And, as always, there were the noisy naysayers, particularly some local politicians who felt COJO was usurping their power. Andrè Baudin, the mayor of Tignes, site of freestyle skiing, was furious with COJO's handling of the storm's aftermath, especially after they blocked the roads to traffic. Not only had five feet of snow shown up all of COJO's heralded road work, but it also deprived the towns of the tourism the Olympics were supposed to generate in the first place.

"They are constantly shoving sticks in our spokes," said Baudin. "They never ask the local mayors. They are making decisions with fear in their guts. If things don't get better on the coordination level, we are headed toward a huge failure with the Olympics."

Even if the Games experience some difficulties, they will be a landmark event. For starters, 1992 is the last year in which two Olympics will be held; the next Winter Games will be in 1994, in Lillehammer, Norway, followed by the Summer Games in Atlanta in 1996, followed by the Winter Games in Nagano, Japan, in 1998. Albertville also is the first Olympics at which the new world order will show its colors. The U.S.S.R. has been replaced by an all-democratic lineup of nations and non-nations that is made up of separate teams from Latvia, Estonia and Lithuania, plus a loosely gathered group called the Unified Team of Former Soviet Republics. Yugoslavia will be competing, and two teams representing Slovenia and Croatia, breakaway republics of that war-torn country, have been invited to compete and most probably will. Thanks to this fragmentation of the Eastern European countries, Albertville is expected to surpass the 1988 record for participating teams, with as many as 65, eight more than were represented at the Calgary Games.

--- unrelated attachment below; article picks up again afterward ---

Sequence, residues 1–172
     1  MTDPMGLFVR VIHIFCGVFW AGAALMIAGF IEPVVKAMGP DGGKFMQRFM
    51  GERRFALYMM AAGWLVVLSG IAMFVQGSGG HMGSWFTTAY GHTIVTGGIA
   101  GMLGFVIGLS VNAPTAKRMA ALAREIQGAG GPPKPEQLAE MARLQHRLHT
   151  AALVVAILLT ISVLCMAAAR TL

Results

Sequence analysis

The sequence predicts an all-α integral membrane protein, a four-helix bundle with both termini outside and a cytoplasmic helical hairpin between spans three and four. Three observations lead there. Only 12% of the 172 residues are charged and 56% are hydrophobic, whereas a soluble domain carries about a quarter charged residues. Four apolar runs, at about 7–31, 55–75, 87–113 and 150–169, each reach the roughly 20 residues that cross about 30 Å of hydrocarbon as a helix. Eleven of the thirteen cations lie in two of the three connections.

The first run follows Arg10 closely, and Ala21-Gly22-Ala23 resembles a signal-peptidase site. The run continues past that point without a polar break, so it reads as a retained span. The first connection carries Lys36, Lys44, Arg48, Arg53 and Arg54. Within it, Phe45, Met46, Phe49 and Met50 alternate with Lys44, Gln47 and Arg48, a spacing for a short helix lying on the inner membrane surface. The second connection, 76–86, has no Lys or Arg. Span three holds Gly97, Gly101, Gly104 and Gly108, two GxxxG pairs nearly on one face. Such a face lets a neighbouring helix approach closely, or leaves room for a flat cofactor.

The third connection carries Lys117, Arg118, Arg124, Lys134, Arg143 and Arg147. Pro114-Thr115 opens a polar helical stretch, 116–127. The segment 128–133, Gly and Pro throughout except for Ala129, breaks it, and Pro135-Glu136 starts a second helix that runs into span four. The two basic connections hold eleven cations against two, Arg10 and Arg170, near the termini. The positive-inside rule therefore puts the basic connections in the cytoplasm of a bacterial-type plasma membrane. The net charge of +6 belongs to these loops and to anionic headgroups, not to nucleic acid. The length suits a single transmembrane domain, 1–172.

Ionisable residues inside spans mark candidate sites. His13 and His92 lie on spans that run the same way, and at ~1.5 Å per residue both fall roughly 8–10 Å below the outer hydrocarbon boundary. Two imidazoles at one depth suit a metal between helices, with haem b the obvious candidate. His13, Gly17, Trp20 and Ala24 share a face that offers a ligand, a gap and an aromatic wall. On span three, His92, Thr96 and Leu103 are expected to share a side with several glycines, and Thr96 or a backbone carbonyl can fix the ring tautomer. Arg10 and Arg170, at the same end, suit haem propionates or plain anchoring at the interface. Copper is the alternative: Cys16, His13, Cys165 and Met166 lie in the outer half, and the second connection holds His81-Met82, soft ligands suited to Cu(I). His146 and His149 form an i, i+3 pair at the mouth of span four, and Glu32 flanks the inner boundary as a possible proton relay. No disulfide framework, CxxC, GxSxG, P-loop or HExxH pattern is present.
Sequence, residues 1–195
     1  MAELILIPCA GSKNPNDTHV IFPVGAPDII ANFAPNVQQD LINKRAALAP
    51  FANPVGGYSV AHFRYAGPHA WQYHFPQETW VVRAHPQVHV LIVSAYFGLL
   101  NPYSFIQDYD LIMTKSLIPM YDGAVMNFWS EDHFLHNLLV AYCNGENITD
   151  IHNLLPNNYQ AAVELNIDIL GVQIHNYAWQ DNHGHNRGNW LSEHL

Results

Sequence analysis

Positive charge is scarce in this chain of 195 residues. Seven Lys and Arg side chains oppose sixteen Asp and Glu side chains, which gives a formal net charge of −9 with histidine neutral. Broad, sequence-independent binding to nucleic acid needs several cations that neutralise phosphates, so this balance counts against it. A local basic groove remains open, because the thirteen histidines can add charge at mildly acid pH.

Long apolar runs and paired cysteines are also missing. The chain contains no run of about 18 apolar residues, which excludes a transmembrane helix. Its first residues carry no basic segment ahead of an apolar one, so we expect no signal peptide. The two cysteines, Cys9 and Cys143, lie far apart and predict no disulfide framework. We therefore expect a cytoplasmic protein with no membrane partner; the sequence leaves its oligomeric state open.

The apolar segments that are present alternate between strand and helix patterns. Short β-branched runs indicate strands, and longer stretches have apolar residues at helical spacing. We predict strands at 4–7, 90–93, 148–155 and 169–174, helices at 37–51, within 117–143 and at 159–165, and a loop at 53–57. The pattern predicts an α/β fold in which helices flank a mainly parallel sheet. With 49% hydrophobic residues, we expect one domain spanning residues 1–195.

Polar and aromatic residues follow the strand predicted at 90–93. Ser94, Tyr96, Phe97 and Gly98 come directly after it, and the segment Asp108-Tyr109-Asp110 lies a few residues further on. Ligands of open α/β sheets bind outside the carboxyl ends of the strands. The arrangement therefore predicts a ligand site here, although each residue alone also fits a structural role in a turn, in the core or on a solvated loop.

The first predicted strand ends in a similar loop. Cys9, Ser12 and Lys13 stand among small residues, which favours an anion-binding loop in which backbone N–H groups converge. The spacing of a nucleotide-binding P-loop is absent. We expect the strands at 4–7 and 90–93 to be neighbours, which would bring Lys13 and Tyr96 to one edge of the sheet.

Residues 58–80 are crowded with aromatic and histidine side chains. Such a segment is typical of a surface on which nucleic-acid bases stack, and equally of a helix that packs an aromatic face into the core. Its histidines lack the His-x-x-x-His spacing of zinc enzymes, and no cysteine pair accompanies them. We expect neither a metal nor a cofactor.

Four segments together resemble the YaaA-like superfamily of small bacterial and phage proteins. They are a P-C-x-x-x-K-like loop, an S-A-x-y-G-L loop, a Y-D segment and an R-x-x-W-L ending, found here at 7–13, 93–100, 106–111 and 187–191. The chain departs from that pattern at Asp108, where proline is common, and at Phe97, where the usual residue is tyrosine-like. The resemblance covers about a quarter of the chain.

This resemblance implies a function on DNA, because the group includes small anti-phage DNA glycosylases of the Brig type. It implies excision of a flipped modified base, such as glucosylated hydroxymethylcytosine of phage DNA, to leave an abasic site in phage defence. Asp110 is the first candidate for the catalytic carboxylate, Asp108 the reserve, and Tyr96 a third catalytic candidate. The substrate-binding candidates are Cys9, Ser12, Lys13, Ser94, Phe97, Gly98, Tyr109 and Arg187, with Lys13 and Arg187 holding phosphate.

As always, though, the essence of the Games is the individual athletes. The star of Albertville should be cross-country skier Elena Vialbe, a powerful woman from the Unified Team. She is one of the last products to emerge from the once great Soviet sporting incubator. A native of Magadan, Siberia, and the mother of a four-year-old son, Vialbe, 23, could well win five medals—most of them gold.

She is not the only athlete who could take home multiple medals. Alberto Tomba of Italy, Marc Girardelli of Luxembourg, Petra Kronberger of Austria (page 50) and Vreni Schneider of Switzerland should each win a couple of golds in Alpine skiing, and Norway's Johann Olav Koss should do the same in speed skating.

That is what's in the Olympic crystal ball for now. One might see the same thing by gazing into the 1992 Winter Olympic medals themselves: The Albertville medals are made of crystal, with a sliver-thin rim of gold, silver or bronze. Whether this unusual construction is a matter of French thrift or French originality is a matter of debate. Still, if the medals are the only kind of crystal that falls on the Savoie region during the month of February, it will be good news indeed.

TWO PHOTOSPHOTOBOB MARTIN/ALLSPORTPHOTONANCIE BATTAGLIAPHOTODAVID E. KLUTHOPHOTOMANNY MILLANPHOTOJEAN-LOUIS FEL/VANDYSTADTPHOTODAVE CANNON/ALLSPORTPHOTOCY WHITE/ALLSPORTILLUSTRATIONPHOTOBRUNO BADE/VANDYSTADTPHOTOMIKE POWELL/ALLSPORT USAPHOTOMANNY MILLANTWO PHOTOSHEINZ KLUETMEIERPHOTONANCIE BATTAGLIAPHOTOMAURITZ ANTIN/LEHTIKUVAPHOTODAVID. E. KLUTHOPHOTOCARL YARBROUGHPHOTOHEINZ KLUETMEIER